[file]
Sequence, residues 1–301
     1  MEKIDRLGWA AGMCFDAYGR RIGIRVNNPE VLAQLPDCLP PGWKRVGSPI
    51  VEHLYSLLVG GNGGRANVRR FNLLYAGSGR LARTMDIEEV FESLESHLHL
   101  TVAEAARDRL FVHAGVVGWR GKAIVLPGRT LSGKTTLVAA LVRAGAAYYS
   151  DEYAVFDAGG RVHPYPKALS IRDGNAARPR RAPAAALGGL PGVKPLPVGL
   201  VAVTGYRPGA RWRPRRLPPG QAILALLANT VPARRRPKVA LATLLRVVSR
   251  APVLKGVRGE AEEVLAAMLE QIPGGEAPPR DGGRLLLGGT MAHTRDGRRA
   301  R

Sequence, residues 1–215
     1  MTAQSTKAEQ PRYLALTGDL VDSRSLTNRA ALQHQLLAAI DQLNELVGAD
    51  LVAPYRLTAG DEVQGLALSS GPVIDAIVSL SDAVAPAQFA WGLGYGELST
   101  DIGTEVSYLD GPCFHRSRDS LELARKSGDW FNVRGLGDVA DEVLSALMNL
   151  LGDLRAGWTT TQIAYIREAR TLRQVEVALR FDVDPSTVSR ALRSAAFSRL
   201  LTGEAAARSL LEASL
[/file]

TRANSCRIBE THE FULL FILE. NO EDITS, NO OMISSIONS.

Sequence, residues 1–301
     1  MEKIDRLGWA AGMCFDAYGR RIGIRVNNPE VLAQLPDCLP PGWKRVGSPI
    51  VEHLYSLLVG GNGGRANVRR FNLLYAGSGR LARTMDIEEV FESLESHLHL
   101  TVAEAARDRL FVHAGVVGWR GKAIVLPGRT LSGKTTLVAA LVRAGAAYYS
   151  DEYAVFDAGG RVHPYPKALS IRDGNAARPR RAPAAALGGL PGVKPLPVGL
   201  VAVTGYRPGA RWRPRRLPPG QAILALLANT VPARRRPKVA LATLLRVVSR
   251  APVLKGVRGE AEEVLAAMLE QIPGGEAPPR DGGRLLLGGT MAHTRDGRRA
   301  R

Sequence, residues 1–215
     1  MTAQSTKAEQ PRYLALTGDL VDSRSLTNRA ALQHQLLAAI DQLNELVGAD
    51  LVAPYRLTAG DEVQGLALSS GPVIDAIVSL SDAVAPAQFA WGLGYGELST
   101  DIGTEVSYLD GPCFHRSRDS LELARKSGDW FNVRGLGDVA DEVLSALMNL
   151  LGDLRAGWTT TQIAYIREAR TLRQVEVALR FDVDPSTVSR ALRSAAFSRL
   201  LTGEAAARSL LEASL